Artist Storm Thorgerson, known for providing iconic album artwork for numerous bands including Pink Floyd, T. Rex, Audioslave, The Mars Volta, and Muse, was asked to create the cover art for Stadium Arcadium. Thorgerson provided at least three possible covers for the album, however, his ideas were ultimately rejected and a simple cover featuring yellow "Superman" lettering and a blue background with planets was utilized instead. Thorgerson publicly denounced the chosen artwork, stating: "For the Stadium Arcadium cover they elected to feature the title in 'superman' lettering which was already old fashioned in itself, plus some "planetary embroidery" and that was it! It was trite, dull and derivative completely unlike the music, which was colourful, eclectic, imaginative, positive, and endlessly inventive. I am not often inclined to publicly criticise the work of others for I see little purchase in it, but there is, in this instance a vested interest, for the Peppers turned down our offerings in favour of this piece of unadventurous graphics. How could they?"[32]

The inside artwork of the album featured a band portrait, another band portrait recreating the classic cover of the Odds & Sods by The Who as well as images of the band floating and on fire.

Track listing

All songs written by Red Hot Chili Peppers.

CD release

No. Title Length
1. "Dani California"   4:42
2. "Snow (Hey Oh)"   5:34
3. "Charlie"   4:37
4. "Stadium Arcadium"   5:15
5. "Hump de Bump"   3:33
6. "She's Only 18"   3:25
7. "Slow Cheetah"   5:19
8. "Torture Me"   3:44
9. "Strip My Mind"   4:19
10. "Especially in Michigan"   4:00
11. "Warlocks"   3:25
12. "C'mon Girl"   3:48
13. "Wet Sand"   5:09
14. "Hey"   5:39
Total length:
No. Title Length
1. "Desecration Smile"   5:02
2. "Tell Me Baby"   4:07
3. "Hard to Concentrate"   4:02
4. "21st Century"   4:22
5. "She Looks to Me"   4:06
6. "Readymade"   4:30
7. "If"   2:53
8. "Make You Feel Better"   3:52
9. "Animal Bar"   5:26
10. "So Much I"   3:44
11. "Storm in a Teacup"   3:45
12. "We Believe"   3:36
13. "Turn It Again"   6:06
14. "Death of a Martian"   4:24
Total length:

Additional tracks recorded during sessions and released on singles

No. Title Length
1. "Million Miles of Water"   4:05
2. "Whatever We Want"   4:48
3. "Lately"   2:56
4. "A Certain Someone"   2:26
5. "Mercy Mercy"   4:02
6. "Funny Face"   4:48
7. "I'll Be Your Domino"   3:58
8. "Joe"   3:55
9. "Save This Lady"   4:20

Album outtakes

Stadium Arcadium featured a handful of outtakes that would eventually appear on singles from the album. "Million Miles of Water", "Lately" and "Whatever We Want" were released on the "Dani California" single, "A Certain Someone" and "Mercy Mercy" were released on the "Tell Me Baby" single, "Funny Face" and "I'll Be Your Domino" were released on the "Snow (Hey Oh)" single and "Joe" (which is a tribute to the late Joe Strummer) along with "Save This Lady" appeared on both the "Desecration Smile" and "Hump de Bump" singles. The vinyl version of the album contains an alternate guitar solo on "Especially in Michigan".

To date 37 of the 38 songs recorded have been released. During pre-album interviews, many of the songs were known by alternate/working titles: Early Eighties ("Strip My Mind"), Forty Detectives and Ghost Dance 2000 ("Hump de Bump"), Wu-Tang ("Dani California"), Funkadelicish to Me ("She's Only 18"), Fela Funk ("We Believe") and Public Enemy ("Storm in a Teacup").[33]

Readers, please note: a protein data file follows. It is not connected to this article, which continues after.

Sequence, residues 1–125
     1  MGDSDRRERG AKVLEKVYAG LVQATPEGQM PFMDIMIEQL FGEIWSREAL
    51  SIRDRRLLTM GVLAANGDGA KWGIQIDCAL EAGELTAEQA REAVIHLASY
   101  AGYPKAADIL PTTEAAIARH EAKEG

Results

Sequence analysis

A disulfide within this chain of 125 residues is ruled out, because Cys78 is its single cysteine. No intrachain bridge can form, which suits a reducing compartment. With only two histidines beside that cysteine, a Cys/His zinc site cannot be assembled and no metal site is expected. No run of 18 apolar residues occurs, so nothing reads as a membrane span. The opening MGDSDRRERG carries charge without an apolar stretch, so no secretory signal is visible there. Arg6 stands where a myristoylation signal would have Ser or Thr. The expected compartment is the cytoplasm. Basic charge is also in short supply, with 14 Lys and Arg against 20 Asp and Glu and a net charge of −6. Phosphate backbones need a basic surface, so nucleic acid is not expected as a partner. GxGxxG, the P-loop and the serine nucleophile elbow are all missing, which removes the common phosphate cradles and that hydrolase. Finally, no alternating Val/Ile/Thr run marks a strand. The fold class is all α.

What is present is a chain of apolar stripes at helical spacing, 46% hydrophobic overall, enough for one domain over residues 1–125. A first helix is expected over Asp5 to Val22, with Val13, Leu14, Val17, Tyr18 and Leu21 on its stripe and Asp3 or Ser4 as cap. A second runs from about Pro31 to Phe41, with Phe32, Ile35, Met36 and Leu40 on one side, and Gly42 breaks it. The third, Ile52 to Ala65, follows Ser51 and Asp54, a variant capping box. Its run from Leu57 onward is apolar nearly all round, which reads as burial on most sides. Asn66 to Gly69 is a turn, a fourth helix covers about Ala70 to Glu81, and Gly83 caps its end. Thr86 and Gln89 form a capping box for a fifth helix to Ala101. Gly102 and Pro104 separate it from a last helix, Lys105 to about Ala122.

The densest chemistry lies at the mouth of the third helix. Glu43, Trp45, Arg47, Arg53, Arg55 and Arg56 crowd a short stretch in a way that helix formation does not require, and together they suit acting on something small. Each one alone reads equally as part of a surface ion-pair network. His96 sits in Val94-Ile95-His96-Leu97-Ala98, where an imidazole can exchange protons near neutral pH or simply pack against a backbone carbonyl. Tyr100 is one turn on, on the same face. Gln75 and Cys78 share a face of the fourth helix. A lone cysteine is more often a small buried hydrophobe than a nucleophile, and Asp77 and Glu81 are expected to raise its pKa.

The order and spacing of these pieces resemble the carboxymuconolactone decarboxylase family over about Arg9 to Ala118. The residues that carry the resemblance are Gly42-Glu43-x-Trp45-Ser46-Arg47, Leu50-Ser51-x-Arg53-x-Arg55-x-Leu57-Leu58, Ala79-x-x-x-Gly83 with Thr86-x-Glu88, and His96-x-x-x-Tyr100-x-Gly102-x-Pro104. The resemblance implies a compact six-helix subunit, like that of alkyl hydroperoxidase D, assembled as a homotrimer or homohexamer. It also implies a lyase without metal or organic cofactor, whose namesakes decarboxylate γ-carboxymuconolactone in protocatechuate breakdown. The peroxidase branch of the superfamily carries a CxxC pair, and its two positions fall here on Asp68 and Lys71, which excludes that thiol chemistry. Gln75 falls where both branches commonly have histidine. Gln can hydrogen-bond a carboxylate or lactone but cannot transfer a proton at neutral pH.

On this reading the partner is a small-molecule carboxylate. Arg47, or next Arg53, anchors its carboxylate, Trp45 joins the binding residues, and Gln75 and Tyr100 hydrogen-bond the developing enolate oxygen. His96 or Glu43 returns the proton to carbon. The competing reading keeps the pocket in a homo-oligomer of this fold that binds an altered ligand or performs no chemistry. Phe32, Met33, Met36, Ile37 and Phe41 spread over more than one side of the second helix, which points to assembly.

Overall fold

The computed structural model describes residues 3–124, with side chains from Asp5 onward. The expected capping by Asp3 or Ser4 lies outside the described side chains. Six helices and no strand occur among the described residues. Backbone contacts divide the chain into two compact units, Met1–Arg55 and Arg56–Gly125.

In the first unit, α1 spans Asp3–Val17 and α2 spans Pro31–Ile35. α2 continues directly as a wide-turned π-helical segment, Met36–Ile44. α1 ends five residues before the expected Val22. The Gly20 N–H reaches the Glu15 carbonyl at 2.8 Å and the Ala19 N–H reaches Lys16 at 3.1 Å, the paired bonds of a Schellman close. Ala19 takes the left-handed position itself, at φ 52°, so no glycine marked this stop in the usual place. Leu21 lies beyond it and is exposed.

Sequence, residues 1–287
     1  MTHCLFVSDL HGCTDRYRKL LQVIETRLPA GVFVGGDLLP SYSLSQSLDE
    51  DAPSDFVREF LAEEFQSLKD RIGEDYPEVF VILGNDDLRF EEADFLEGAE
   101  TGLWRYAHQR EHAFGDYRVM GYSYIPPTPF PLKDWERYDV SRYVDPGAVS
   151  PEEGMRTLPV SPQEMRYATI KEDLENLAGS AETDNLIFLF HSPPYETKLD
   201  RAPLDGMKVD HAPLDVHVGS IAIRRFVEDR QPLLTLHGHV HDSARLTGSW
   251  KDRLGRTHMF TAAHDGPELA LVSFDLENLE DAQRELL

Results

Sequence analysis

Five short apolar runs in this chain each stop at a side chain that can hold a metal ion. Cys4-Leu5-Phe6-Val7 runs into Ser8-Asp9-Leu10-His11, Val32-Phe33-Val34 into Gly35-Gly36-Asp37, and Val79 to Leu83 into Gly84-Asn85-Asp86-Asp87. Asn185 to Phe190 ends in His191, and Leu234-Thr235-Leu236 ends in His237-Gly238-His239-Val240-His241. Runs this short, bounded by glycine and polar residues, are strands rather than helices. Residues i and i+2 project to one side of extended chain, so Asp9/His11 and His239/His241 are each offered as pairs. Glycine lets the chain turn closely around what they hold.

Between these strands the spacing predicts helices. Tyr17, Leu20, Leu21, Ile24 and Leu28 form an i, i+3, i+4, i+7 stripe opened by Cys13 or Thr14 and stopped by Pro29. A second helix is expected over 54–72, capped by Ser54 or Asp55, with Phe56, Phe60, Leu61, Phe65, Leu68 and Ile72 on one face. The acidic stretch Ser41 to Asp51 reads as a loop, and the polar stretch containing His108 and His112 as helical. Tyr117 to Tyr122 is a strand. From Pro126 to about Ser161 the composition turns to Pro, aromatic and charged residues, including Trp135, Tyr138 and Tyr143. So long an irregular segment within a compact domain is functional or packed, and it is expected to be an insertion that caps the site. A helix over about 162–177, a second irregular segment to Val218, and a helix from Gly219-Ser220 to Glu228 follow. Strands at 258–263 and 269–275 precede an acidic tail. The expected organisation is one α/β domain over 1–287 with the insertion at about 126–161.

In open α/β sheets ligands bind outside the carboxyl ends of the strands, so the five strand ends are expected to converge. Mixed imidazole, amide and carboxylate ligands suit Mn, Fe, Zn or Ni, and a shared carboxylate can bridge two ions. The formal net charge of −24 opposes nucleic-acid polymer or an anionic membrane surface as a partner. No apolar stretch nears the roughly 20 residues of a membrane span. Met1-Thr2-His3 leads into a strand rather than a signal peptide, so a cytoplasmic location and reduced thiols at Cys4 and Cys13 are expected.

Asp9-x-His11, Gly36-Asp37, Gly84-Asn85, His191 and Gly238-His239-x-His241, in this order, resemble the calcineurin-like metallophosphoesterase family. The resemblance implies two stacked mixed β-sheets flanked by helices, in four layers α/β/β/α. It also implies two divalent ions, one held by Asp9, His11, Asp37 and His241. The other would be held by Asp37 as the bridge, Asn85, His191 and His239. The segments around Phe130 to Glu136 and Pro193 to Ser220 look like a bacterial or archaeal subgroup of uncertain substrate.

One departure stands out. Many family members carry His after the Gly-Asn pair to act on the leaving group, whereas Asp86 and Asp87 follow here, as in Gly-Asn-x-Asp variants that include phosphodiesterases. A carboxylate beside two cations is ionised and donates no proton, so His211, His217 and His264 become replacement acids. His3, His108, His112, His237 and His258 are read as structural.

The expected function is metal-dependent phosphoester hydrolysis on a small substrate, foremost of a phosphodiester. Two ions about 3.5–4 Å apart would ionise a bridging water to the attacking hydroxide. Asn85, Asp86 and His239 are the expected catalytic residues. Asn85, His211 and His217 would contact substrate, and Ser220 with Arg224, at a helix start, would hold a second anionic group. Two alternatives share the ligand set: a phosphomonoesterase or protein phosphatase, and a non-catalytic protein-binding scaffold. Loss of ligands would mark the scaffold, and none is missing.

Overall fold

Red Hot Chili Peppers
Additional musicians
Recording personnel
Additional personnel

Release dates

Region Date Format
Germany May 5, 2006 CD
United Kingdom May 8, 2006
Australia May 9, 2006
United States
New Zealand May 15, 2006

Charts and certifications

Weekly charts

Chart (2006) Peak
Australian Albums (ARIA)[34] 1
Austrian Albums (Ö3 Austria)[35] 1
Belgian Albums (Ultratop Flanders)[36] 1
Belgian Albums (Ultratop Wallonia)[37] 2
Canada (Nielsen SoundScan) 1
Danish Albums (Hitlisten)[38] 1
Dutch Albums (MegaCharts)[39] 1
Europe (European Hot 100) 1
Finnish Albums (Suomen virallinen lista)[40] 1
French Albums (SNEP)[41] 1
German Albums (Offizielle Top 100)[42] 1
Irish Albums (IRMA)[43] 1
Italian Albums (FIMI)[44] 1
Japanese Albums (Oricon)[45] 1
New Zealand Albums (RMNZ)[46] 1
Norwegian Albums (VG-lista)[47] 1
Polish Albums (ZPAV)[48] 1
Portuguese Albums (AFP)[49] 5
Spanish Albums (PROMUSICAE)[50] 2
Swedish Albums (Sverigetopplistan)[51] 1
Swiss Albums (Schweizer Hitparade)[52] 1
UK Albums (OCC)[53] 1
US Billboard 200[54] 1
US Top Rock Albums (Billboard)[55] 1
US Top Tastemaker Albums (Billboard)[56] 1


Region Certification Certified units/Sales
Australia (ARIA)[57] 3× Platinum 210,000^
Austria (IFPI Austria)[58] Platinum 30,000*
Belgium (BEA)[59] Platinum 50,000*
Brazil (ABPD)[60] Platinum 60,000*
Canada (Music Canada)[61] 4× Platinum 400,000^
Finland (Musiikkituottajat)[62] Gold 21,159[62]
France (SNEP)[63] Platinum 200,000*
Germany (BVMI)[64] 5× Gold 500,000^
Hungary (MAHASZ)[65] Gold 10,000^
Japan (RIAJ)[66] 2× Platinum 500,000^
Switzerland (IFPI Switzerland)[67] 2× Platinum 60,000^
United Kingdom (BPI)[68] 2× Platinum 600,000^
United States (RIAA)[69] 3× Platinum 3,000,000^
Europe (IFPI)[70] 2× Platinum 2,000,000*

*sales figures based on certification alone
^shipments figures based on certification alone


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Preceded by
10,000 Days by Tool
Billboard 200 number-one album
May 21 – June 3, 2006
Succeeded by
Taking the Long Way by Dixie Chicks
Preceded by
Eyes Open by Snow Patrol
UK number one album
May 14 – June 3, 2006
Succeeded by
Bright Idea by Orson
Preceded by
10,000 Days by Tool
Australian ARIA Albums Chart number-one album
May 22 – June 11, 2006
Succeeded by
Best of Chris Isaak by Chris Isaak
Preceded by
Catch the Wave by Def Tech
Japanese Oricon Weekly number-one album
May 22, 2006
Succeeded by
Horizon by Remioromen